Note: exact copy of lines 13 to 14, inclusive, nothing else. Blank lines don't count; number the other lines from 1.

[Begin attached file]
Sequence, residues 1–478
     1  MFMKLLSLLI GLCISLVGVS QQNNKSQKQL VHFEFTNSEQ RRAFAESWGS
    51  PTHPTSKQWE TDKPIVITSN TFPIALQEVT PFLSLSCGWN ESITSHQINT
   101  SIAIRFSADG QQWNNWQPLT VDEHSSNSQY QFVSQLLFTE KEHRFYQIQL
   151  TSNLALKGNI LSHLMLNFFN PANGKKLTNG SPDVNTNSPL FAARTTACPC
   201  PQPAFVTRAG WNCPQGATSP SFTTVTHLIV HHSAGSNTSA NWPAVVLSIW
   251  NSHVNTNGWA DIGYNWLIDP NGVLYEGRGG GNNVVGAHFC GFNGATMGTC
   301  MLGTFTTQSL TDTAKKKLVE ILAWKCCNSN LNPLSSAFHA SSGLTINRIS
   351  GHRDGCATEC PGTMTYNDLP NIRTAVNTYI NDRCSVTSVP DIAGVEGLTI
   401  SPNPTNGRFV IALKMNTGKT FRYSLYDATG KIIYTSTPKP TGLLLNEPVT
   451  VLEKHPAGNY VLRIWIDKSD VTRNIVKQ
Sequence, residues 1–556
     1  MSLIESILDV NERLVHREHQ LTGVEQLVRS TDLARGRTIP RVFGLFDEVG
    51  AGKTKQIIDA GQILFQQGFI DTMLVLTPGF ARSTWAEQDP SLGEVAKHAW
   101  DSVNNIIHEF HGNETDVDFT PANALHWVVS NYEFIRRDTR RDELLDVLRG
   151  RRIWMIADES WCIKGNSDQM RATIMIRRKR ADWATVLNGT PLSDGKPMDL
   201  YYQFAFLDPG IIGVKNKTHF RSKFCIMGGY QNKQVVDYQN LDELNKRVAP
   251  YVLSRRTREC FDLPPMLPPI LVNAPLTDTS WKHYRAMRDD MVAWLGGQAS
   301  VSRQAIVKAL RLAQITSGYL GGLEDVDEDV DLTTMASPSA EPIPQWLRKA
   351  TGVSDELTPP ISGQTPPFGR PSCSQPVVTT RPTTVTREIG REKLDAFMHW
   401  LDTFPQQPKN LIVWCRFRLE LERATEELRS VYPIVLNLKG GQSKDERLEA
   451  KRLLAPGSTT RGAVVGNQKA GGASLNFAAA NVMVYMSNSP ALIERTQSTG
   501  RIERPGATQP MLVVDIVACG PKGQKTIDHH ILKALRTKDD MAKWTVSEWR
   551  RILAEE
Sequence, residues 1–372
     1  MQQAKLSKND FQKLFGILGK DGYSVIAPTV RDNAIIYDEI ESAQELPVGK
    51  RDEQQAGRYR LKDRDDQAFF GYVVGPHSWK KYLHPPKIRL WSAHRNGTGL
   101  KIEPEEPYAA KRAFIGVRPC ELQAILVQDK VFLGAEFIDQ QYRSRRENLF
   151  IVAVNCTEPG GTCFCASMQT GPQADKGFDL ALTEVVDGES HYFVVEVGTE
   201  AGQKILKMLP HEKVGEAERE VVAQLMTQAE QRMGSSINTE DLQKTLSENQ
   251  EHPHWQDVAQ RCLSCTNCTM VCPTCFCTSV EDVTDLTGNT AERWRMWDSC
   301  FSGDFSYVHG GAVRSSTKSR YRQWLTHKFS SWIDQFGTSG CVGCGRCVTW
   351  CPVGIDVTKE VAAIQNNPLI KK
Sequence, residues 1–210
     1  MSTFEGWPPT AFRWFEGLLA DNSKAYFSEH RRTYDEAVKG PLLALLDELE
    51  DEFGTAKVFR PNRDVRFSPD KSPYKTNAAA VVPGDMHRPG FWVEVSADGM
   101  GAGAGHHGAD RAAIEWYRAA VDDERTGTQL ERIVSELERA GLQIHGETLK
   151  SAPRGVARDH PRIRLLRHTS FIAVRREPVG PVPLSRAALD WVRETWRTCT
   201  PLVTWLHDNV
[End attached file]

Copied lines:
     1  MSLIESILDV NERLVHREHQ LTGVEQLVRS TDLARGRTIP RVFGLFDEVG
    51  AGKTKQIIDA GQILFQQGFI DTMLVLTPGF ARSTWAEQDP SLGEVAKHAW